friction, wear, and adhesion characteristics of wear, and adhesion characteristics of...

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  • -- NASA TECHNICAL NOTE TN D-3235 7- .-




    by Donald H. Buckley and Robert L. Johnson 1 Lewis Research Center

    CleveZand, Ohio

    N A T I O N A L A E R O N A U T I C S A N D SPACE A D M I N I S T R A T I O N W A S H I N G T O N , D. 1 i 1[



    i 2018-05-18T09:51:31+00:00Z



    0079 8 09



    By Donald H. Buckley and Robert L. Johnson

    Lewis Research Center Cleveland, Ohio


    For sale by the Clearinghouse for Federal Scientific and Technical Information Springfield, Virginia 22151 - Price $1.00



    by Donald H. Buckley and Robert L. Johnson

    Lewis Research Center


    Friction, wear, and adhesion measurements were made in vacuum (lo- mm Hg) of titanium-aluminum alloys containing 11, 16, and 21 weight percent aluminum. Experi

    3ments were conducted with a 16-inch-radius rider sliding on the flat surface of a 221-inchdiameter disk specimen at loads to 1500 grams. The disk was rotated to produce sliding velocities to 750 centimeters per second.

    With increasing addition of aluminum to titanium, an increase in lattice ratio (c/a) for titanium occurred along with a decrease in friction, wear, and adhesion. The increase in (c/a) lattice ratio with the addition of aluminum to titanium occurred even though the unit cell s ize decreased; these results are unlike those with the addition of tin and oxygen to titanium. While titanium exhibited an adhesion coefficient of 5.3, the titanium-aluminum alloys exhibited adhesion characteristics which could be considered negligible.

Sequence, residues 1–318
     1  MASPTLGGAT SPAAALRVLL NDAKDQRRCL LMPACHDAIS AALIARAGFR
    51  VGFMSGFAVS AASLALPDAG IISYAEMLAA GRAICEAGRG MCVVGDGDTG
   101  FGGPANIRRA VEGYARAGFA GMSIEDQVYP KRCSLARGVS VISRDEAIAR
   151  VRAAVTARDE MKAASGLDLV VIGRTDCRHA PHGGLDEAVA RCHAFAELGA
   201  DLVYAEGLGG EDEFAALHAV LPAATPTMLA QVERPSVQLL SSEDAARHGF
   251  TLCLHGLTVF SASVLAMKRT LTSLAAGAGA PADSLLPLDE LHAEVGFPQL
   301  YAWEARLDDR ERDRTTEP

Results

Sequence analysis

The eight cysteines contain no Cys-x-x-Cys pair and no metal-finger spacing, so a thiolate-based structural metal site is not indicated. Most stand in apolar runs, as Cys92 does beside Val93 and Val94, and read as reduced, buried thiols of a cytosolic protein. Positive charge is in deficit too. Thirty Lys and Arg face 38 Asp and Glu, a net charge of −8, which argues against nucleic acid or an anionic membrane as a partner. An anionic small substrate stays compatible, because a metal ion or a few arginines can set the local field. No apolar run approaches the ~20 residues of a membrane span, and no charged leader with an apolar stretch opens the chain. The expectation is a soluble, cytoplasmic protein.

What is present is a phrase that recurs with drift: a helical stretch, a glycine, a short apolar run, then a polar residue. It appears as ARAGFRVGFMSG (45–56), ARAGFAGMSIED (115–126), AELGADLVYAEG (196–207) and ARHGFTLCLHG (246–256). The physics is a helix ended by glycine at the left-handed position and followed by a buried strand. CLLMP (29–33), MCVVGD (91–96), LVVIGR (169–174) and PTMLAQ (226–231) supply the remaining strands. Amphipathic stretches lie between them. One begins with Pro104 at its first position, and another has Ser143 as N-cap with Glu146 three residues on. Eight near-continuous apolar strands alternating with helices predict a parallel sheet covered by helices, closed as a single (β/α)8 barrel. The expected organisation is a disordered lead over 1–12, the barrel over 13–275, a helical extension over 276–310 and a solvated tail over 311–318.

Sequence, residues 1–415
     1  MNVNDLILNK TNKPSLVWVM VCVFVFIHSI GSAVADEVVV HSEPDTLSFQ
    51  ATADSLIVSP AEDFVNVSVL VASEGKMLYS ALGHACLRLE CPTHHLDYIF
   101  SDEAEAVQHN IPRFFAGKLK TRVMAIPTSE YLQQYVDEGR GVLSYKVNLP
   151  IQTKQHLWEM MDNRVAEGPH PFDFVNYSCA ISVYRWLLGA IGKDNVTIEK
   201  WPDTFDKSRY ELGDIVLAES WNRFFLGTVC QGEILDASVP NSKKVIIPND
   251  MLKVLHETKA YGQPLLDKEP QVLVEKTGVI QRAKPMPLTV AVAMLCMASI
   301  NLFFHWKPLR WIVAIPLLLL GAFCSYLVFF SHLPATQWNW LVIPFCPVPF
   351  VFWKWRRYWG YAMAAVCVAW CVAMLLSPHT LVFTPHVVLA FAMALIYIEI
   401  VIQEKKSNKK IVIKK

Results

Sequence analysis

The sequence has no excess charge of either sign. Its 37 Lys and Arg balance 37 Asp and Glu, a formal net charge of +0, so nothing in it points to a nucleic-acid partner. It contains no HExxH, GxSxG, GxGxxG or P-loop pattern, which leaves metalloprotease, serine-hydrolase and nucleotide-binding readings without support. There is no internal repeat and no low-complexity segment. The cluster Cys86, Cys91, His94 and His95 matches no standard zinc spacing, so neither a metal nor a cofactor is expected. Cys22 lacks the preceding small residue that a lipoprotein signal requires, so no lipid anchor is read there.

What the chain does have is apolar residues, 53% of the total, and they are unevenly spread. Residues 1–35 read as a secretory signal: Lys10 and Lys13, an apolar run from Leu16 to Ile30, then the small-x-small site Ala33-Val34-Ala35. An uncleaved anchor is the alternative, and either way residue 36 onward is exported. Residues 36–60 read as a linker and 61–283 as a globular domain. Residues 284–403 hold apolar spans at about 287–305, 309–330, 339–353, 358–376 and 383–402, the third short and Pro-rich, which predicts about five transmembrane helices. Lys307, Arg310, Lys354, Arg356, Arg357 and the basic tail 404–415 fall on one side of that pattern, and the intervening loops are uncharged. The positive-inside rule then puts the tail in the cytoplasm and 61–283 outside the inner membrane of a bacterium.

These alloys exhibited superior friction and wear properties in vacuum compared with 52100 and 440-C stainless steels. Experiments were conducted with the alloys sliding on themselves and on 440-C stainless steel. Friction was less for the alloys sliding on 440-C stainless than when sliding on themselves.


    Marked differences in adhesion, friction, wear, and welding tendencies are found for metals with different crystal structures (refs. 1 to 5). Those metals possessing hexagonal crystal structures or polymorphic metals in the hexagonal form exhibit lower friction, wear, and adhesion characteristics than cubic metals or polymorphic metals in the cubic form. Further, with the hexagonal metals which exhibit the lower friction and wear characterist ics, a dependence upon lattice parameters is found (ref. 5). Those hexagonal

  • metals possessing near ideal sl ip behavior (basal slip) have lower friction characteristics than those exhibiting prismatic and pyramidal sl ip (Ti, Zr, and Hf) (ref. 5).

    With metals such as titanium, the addition of alloying elements which expand the crystal lattice in the C-axis direction (increased c/a ratio) results in a decrease in friction coefficient. Elements such as tin and oxygen have this effect upon titanium; they increase the c/a lattice ratio by increasing the C-axis (ref. 6).